💰 Tech Tax Deal implications 💰

:moneybag: Tech Tax Deal implications :moneybag:

Now the deal seems to be close to complete I was wondering what stocks will be affected other than the obvious ones and how it may affect the market. Any ideas?

I have read that the tech companies will just pass the costs on to customers but in reality surely it will hit the SP as well even if for a short period. Maybe I am overthinking it but it feels like this could be a huge event especially across borders that are no longer that appealing due to X% tax rates.

Is this going to mean the US stocks are less profitable? Personally I like LSE steady stocks and dividends so wondering if this is maybe a safer road at the moment. I am sure someone cleverer than me has all the answers :stuck_out_tongue_winking_eye:

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Looks like it has gone through so the impact could be huge on some SPs of companies who have avoided paying tax in many countries.

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I guess we will find out on monday. Just having a look at stocks I have some of in to try and see if they will be affected. Mainly data services and e-commerce, but would I wouldn’t be surprised if everything else dives as well :sweat_smile:

I suspect the large companies it is targeted at will find a way to minimise any tax they pay using any loopholes they can, or as you said, by passing costs on to customers (or suppliers).

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Yeah it is hard to tell as it may actually boost some in the countries that will get more tax $/£. I honestly don’t know how it will pan out but it is interesting :+1:

Seems that there is a potential loophole already… :grimacing:

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Yep it will be hard to find a way to tax a company that doesn’t make big profit :joy: Amazon concentrate on market share and reinvesting which is a difficult one to manage.

Major reform of the international tax system finalised today at the OECD will ensure that Multinational Enterprises (MNEs) will be subject to a minimum 15% tax rate from 2023.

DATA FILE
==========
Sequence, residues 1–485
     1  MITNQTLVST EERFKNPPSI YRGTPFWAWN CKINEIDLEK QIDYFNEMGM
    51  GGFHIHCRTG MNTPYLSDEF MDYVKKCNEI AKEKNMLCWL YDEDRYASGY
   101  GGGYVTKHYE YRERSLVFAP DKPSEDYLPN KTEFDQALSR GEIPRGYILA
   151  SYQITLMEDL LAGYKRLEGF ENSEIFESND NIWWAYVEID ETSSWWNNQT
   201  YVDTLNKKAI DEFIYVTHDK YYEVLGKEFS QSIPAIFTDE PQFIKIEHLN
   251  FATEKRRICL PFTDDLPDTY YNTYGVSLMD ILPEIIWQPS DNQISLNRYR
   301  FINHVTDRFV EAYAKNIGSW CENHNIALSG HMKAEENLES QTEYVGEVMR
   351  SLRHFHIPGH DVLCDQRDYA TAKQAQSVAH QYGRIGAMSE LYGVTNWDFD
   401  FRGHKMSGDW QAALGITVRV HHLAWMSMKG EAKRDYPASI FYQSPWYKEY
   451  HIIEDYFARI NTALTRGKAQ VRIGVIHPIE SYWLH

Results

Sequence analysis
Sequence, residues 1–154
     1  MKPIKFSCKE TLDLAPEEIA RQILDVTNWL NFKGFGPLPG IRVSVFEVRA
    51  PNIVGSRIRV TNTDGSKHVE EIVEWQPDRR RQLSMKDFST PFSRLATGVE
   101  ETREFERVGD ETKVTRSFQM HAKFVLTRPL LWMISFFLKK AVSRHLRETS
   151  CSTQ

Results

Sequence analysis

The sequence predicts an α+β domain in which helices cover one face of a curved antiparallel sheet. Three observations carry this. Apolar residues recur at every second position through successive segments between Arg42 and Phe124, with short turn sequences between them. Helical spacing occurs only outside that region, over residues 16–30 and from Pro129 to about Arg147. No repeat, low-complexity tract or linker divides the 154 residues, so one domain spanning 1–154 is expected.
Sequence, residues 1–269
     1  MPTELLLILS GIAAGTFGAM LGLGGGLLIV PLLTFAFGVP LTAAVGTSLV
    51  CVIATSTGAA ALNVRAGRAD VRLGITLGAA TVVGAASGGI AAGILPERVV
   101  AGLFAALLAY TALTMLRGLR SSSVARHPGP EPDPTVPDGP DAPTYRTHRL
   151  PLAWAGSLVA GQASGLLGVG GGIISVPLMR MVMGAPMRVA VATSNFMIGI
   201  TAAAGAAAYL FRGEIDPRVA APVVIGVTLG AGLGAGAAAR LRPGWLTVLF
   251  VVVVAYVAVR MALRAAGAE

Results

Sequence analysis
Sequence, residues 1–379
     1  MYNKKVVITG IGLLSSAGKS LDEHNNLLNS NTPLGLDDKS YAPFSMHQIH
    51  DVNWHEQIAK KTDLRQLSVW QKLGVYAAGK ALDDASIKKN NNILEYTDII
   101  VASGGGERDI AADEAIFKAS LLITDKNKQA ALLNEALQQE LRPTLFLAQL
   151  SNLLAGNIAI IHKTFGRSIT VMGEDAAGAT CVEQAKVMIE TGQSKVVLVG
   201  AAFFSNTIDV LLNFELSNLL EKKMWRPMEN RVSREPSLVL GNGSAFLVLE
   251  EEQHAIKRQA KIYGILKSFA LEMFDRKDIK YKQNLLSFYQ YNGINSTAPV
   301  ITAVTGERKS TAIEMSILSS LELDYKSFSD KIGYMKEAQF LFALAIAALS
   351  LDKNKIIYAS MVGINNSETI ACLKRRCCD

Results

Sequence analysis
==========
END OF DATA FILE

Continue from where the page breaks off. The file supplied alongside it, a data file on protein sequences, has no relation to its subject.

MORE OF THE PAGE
Pillar One will ensure a fairer distribution of profits and taxing rights among countries with respect to the largest and most profitable multinational enterprises. It will re-allocate some taxing rights over MNEs from their home countries to the markets where they have business activities and earn profits, regardless of whether firms have a physical presence there. Specifically, multinational enterprises with global sales above EUR 20 billion and profitability above 10% - that can be considered as the winners of globalisation - will be covered by the new rules, with 25% of profit above the 10% threshold to be reallocated to market jurisdictions.

Pillar Two introduces a global minimum corporate tax rate set at 15%.

At first glance this may seem good. Nevertheless I see no mention to the introduction of a global maximum corporate tax rate. Nor I see mentions to the introduction of maximum tax rates for individuals.

I fear totalitarian winds in disguise are still pushing the sails. I fear if these winds prevail, financial freedom through savings and investing will become increasingly harder to achieve for us of little means.

I’m for the payment of taxes. Within reason. For the benefit of the individuals. Not the bureaucracies, whom are there to serve, not to be served.

I’m for fiscal competition amongst states, for competitions favours the consumer. This agreement goes one step forward in the opposite direction towards harmonisation. One more nail in the coffin of individual rights with the excuse of (alleged) fairness.

Not all is bad though:

Double taxation of profit allocated to market jurisdictions will be relieved using either the exemption or credit method.

This is good I think.

I have the impression I’ve read somewhere this agreement aims to ensure corporations pay the taxes they are due in the countries where they sell their products/services. I share that goal. But to give to states the power to establish the minimum tax rate they can impose is, in my view, reversing the natural order of how things ought to work in a liberal democracy where the rights of individuals are sacred ground and limitations to the coercive powers of the state are, or should be, in place.

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